Another San Antonian slated for an official SXSW concert is Destiny Navaira, whose family features Tejano legends Emilio and Raulito Navaira.
Born and raised in San Antonio, Destiny Navaira has sung backup for her father, Raulito. Her first solo album, “La Preferida,” earned her Female Vocalist of the Year at the Tejano Music Awards in 2021 and other recognitions.
Destiny Navaira’s latest Latin Grammy Award-nominated album, “Dime Cómo Se Siente,” produced by her brother Rigo Navaira, has resulted in her collaborating with noted Tejano groups, such as La Leyenda, Grupo Bronco, La Casetera and Lupita Infante.
Destiny Navaira’s March 18 performance at SXSW is her first appearance at the renowned multimedia festival, and she said she could not be more excited about it. Navaira said she has long sought to be an official part of SXSW ever since her days attending The University of Texas at Austin.
“I am especially excited to perform my latest off of my new album ‘Dime Como Se Siente’ because it proves that my goal of recording songs outside the normal of the ‘Tejano’ genre I come from has done the job I wanted it to and that is growing my audience,” Destiny said. “I am also excited to hear new music and take inspiration home to continue my career.”
Big screen participation
The SXSW film festival will include participation from Fidel Ruiz-Healy, a native San Antonian and award-winning filmmaker, who worked with fellow New York University alum Tyler Walker to film the short movie “Dead Enders,” which will be shown in the Midnight Shorts program.
The 12-minute film is about Maya, a young, disaffected gas station clerk who does not seem to care about much in life until a nearby oil drilling operation recklessly awakens and releases a group of mind controlling parasites that force Maya to realize other perspectives in life.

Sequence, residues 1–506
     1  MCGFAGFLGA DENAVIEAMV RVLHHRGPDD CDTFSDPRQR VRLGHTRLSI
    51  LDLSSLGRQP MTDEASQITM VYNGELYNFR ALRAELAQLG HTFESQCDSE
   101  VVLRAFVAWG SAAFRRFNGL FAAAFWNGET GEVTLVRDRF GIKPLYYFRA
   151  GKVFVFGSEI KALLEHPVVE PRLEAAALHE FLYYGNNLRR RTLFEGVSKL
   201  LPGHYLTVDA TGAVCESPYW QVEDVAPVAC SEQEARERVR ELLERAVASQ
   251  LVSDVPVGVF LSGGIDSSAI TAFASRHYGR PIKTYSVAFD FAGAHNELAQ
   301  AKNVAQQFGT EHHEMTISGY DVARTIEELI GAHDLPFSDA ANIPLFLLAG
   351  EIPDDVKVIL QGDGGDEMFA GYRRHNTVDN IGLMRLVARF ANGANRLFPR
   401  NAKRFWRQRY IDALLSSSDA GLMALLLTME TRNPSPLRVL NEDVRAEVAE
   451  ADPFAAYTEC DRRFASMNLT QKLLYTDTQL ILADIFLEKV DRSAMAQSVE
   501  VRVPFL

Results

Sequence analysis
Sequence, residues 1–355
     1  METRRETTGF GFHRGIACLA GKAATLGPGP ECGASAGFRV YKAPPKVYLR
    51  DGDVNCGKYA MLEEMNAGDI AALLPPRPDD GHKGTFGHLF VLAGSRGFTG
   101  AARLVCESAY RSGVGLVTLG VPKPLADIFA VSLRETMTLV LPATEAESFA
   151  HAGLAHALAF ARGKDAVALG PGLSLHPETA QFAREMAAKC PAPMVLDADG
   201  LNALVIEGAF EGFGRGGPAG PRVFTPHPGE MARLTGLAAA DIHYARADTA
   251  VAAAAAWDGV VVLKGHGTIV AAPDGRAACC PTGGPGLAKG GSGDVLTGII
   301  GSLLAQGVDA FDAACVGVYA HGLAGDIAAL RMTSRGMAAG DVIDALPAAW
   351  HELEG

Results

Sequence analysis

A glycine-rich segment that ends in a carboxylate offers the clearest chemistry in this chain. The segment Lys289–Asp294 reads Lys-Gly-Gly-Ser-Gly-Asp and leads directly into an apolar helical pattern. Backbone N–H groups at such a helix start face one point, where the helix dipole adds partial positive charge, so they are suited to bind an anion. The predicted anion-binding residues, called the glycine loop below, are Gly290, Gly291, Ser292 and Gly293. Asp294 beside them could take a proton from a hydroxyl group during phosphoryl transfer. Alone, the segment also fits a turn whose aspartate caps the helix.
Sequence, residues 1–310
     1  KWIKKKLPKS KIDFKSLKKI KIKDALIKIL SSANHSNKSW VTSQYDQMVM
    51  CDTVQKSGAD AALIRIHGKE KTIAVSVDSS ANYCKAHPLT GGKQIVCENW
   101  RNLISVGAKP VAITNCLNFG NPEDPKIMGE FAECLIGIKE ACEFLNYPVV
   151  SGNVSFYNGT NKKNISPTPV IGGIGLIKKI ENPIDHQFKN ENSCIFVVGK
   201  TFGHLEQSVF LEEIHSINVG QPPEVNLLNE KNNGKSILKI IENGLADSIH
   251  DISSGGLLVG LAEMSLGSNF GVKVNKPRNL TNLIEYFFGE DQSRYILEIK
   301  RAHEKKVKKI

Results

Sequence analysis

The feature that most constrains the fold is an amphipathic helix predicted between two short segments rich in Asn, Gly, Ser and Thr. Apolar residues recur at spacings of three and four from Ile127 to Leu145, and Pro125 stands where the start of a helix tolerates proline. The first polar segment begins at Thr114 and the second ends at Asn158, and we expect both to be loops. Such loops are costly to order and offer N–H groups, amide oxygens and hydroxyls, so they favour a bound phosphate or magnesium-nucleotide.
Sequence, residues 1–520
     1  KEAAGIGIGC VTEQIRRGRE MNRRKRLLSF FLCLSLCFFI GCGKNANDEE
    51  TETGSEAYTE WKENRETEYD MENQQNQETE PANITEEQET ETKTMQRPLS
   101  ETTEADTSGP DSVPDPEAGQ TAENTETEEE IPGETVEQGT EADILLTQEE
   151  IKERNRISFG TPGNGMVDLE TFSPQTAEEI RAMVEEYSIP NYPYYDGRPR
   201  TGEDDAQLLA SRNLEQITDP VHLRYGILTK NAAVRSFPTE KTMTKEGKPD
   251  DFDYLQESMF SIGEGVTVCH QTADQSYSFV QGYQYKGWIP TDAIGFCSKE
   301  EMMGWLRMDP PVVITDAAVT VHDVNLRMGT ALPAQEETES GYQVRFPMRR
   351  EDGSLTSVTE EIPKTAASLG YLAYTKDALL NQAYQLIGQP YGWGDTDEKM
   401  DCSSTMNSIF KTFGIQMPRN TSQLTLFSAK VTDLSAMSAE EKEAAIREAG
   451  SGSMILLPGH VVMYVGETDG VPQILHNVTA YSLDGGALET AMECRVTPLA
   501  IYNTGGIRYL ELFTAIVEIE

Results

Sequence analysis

“Dead Enders” is the second film that Ruiz-Healy and Walker have shown at SXSW, following a music video they previously shot for a band.
The two filmmakers said they would often bump into each other at NYU and eventually became friends and collaborators, shooting short movies, as well as doing some filming in San Antonio.
“Out in San Antonio, it’s easy to have a home base because you can always find resources, a crew and locations there instead of paying exorbitant prices to shoot in New York City or Los Angeles,” Ruiz-Healy said.
“Dead Enders” evolved from a script that Ruiz-Healy wrote at NYU and, during the COVID-19 pandemic, Ruiz-Healy and Walker tried to think of fun short movies that they could shoot.
Regarding “Dead Enders,” Ruiz-Healy said, in the plot, the invading bugs try to convince Maya to work in a dead-end job—forever.
“You can be like a glorified bug zombie in exchange for living a dream life of complacency, but she realizes she needs to do something different and move on with her life,” Walker said.
Ruiz-Healy and Walker said Maya’s plight in “Dead Enders” could symbolize the current movement of people who have been leaving their jobs for other career opportunities since the height of the pandemic.
Ruiz-Healy and Walker said they plan to shop “Dead Enders” to genre film festivals, with hopes of securing a deal to produce a full-length feature version of their movie.
“It’d be like looking at the doomsday, post-apocalyptic scenarios in a more realistic sense,” Ruiz-Healy said.
Walker said, however, he and Ruiz-Healy want to maintain their semblance of independence in the filmmaking world.
“You don’t want to sacrifice the vision for a sense of independence,” Walker said.
Official SXSW functions are open to badge-holders and attendees, with day passes that are available at the conference registration site at the Austin Convention Center.